Probate law addresses the disposition of a person's estate following their passing. Unsurprisingly, most folks aren't familiar with probate, and unfamiliarity can leave them with misgivings. Before you deal with the probate system, you may want to learn its four main functions.
The first goal of any probate proceeding is to determine if there was a will. Presuming there was at least one copy of the will, the court then proceeds to validate it. The process involves reconciling any conflicting versions of the will if there was more than one. Likewise, the court needs to validate basic elements of the will, such as the grantor's signature and whether there a sufficient number of witnesses were present at the time of the signing. These requirements must follow state laws regarding the signing, dating, and witnessing of estate documents.
Absent a will, the court must decide what best approximates the intentions of the deceased. Generally, a judge will make determinations based on state laws regarding the disposition of assets and who might be a beneficiary of the estate.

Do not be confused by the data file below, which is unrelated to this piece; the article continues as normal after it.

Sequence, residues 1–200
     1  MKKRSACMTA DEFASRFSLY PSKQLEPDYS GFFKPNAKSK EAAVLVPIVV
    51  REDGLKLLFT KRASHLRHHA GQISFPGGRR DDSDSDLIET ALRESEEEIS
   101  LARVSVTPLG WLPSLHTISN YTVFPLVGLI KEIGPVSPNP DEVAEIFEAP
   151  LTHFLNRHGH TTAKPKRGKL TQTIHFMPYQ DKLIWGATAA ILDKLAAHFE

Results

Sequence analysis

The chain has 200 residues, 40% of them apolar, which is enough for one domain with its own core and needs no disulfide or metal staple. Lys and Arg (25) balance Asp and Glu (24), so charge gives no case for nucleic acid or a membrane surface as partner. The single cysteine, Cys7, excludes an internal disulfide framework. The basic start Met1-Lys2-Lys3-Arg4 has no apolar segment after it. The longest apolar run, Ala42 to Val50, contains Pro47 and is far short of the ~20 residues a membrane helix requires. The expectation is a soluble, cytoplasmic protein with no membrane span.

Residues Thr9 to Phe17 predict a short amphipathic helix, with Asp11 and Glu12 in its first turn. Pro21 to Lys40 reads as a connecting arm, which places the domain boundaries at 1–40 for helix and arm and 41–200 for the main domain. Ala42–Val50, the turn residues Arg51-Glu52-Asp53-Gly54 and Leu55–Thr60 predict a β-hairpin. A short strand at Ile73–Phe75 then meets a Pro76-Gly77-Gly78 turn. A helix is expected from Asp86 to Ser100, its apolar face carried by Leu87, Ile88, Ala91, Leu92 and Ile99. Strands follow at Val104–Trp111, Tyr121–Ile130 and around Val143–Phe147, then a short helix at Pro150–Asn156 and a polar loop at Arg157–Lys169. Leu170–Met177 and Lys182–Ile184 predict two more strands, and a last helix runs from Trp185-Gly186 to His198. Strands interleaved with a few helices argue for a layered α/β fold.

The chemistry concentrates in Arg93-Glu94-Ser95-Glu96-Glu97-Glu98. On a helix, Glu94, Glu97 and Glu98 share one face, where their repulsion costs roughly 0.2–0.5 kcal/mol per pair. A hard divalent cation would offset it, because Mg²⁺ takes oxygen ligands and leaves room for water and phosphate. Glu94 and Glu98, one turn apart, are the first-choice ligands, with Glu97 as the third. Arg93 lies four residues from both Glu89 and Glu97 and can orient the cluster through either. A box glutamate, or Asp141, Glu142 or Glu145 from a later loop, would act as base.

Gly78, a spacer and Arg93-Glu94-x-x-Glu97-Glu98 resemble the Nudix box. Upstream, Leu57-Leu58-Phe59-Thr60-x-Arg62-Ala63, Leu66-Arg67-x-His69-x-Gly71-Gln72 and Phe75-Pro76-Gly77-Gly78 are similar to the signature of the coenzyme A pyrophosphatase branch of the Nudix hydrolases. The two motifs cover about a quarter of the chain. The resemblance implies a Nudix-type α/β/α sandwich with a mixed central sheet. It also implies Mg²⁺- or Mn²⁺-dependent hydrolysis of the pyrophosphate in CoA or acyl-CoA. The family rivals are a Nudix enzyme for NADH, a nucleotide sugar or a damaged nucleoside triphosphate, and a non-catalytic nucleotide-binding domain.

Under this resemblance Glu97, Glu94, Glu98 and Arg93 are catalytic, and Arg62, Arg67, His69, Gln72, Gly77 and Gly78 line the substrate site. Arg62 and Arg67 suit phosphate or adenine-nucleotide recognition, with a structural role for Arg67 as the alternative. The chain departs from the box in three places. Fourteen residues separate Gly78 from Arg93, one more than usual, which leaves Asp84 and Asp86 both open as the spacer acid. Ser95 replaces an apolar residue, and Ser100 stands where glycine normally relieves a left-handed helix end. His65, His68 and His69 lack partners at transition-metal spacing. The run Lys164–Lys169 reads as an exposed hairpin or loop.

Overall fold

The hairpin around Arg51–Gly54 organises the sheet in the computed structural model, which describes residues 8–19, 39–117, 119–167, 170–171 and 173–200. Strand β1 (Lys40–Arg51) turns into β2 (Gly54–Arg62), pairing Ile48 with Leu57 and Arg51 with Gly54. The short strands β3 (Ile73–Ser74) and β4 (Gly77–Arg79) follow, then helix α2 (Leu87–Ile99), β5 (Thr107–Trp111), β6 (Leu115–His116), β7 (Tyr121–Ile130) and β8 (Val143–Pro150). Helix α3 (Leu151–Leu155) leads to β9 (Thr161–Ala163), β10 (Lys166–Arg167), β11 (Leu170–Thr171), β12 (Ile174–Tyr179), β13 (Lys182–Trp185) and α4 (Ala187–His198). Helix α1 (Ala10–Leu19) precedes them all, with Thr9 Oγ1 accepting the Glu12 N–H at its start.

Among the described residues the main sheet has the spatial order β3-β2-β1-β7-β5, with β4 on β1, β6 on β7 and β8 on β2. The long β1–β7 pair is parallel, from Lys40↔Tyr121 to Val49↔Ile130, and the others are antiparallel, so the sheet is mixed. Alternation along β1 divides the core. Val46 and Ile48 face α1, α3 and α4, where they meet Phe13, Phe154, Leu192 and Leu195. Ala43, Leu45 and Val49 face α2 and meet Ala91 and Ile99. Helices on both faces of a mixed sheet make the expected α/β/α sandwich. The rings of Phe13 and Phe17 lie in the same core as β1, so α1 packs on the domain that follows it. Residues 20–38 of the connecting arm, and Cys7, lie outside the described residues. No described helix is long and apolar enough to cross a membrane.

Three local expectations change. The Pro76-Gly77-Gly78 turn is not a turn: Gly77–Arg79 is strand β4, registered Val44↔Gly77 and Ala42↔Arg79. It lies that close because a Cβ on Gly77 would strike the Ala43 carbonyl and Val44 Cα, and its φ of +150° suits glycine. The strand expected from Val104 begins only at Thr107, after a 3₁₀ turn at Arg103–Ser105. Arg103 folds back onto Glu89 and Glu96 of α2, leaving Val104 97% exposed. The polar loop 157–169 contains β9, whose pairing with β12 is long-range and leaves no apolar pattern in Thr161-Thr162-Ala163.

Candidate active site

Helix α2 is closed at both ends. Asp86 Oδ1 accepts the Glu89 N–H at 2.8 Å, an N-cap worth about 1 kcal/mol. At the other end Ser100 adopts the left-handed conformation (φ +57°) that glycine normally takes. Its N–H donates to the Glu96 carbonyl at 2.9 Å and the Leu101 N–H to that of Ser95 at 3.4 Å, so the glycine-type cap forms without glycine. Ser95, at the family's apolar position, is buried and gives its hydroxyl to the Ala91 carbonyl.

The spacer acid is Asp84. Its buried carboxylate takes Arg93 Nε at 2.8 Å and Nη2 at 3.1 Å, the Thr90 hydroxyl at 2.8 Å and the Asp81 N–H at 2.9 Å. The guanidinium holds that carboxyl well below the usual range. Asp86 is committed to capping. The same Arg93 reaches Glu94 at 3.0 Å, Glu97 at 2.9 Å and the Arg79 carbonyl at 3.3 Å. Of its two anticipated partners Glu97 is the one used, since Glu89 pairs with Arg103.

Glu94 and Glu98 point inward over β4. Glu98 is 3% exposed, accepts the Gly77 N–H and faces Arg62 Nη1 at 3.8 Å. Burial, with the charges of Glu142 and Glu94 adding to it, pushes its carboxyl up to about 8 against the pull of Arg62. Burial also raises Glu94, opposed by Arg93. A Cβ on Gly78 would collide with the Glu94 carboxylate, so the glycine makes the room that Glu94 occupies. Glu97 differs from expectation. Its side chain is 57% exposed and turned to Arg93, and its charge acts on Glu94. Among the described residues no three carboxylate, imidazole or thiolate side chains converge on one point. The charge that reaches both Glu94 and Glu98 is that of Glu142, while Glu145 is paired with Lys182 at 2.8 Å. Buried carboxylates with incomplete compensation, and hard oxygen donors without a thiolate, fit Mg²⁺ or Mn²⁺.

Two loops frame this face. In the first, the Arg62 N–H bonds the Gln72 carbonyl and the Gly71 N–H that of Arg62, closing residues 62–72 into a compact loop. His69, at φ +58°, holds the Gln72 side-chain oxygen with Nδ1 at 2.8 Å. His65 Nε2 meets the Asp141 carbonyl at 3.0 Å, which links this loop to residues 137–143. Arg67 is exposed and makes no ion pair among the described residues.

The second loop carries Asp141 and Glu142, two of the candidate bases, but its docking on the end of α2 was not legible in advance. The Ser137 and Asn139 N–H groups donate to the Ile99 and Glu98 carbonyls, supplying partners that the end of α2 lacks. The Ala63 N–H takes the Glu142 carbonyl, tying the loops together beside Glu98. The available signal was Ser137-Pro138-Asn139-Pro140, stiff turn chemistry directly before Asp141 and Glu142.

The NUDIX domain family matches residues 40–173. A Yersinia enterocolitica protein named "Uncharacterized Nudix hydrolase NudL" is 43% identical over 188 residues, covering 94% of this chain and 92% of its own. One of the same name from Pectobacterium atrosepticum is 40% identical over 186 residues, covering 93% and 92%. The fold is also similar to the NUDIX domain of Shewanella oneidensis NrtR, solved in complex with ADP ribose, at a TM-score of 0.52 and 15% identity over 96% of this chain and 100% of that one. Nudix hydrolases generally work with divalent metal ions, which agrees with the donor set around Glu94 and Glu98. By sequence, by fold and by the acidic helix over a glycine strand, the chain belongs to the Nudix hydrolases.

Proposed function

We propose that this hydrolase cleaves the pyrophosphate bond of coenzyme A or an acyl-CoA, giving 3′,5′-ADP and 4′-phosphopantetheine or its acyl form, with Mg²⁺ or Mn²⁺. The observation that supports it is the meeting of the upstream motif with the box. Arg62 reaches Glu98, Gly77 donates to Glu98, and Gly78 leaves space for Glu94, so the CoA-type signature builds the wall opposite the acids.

If the will named an executor, the court must decide if the person can faithfully serve in that role. When an executor is unavailable or conflicted, the judge has to determine if there is a successor and whether that person can serve as executor. If there still isn't an executor at this point due to the exclusion or absence of named parties, the court will appoint an administrator.
An estate's administration must execute the will. This means distributing assets, settling debts, notifying beneficiaries, and filing reports with the court. It isn't uncommon for an administrator or executor to hire a probate law attorney to assist them in handling these tasks and answering the judge's questions.
The estate must resolve any outstanding issues from the decedent's financial life. If the person passed with unpaid debts or taxes, the administration must use cash from the estate to resolve these. The executor also can ask the court to liquidate some of the assets to pay outstanding debts and taxes. If there are more obligations than the estate can cover, the court will compel the estate to file for bankruptcy to satisfy its creditors as much as possible.
Presuming the remaining resources justify a distribution, the executor will contact the respective beneficiaries. The estate will then provide them with possession, checks, or documentation as necessary to make the beneficiaries the new owners of the assets.
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